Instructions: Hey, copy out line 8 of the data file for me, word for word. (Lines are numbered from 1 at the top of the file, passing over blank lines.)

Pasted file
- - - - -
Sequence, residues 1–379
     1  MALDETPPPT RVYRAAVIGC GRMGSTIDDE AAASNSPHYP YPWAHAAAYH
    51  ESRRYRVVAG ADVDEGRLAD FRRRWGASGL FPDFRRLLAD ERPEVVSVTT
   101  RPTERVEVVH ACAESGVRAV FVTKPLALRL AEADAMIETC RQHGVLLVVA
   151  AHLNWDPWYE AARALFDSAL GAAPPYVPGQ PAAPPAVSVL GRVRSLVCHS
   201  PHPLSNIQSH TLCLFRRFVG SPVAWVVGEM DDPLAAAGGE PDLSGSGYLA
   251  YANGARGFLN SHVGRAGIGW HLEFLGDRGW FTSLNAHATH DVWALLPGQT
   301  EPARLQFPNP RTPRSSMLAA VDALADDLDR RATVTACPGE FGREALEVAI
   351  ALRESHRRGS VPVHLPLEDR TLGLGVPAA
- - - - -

   301  EPARLQFPNP RTPRSSMLAA VDALADDLDR RATVTACPGE FGREALEVAI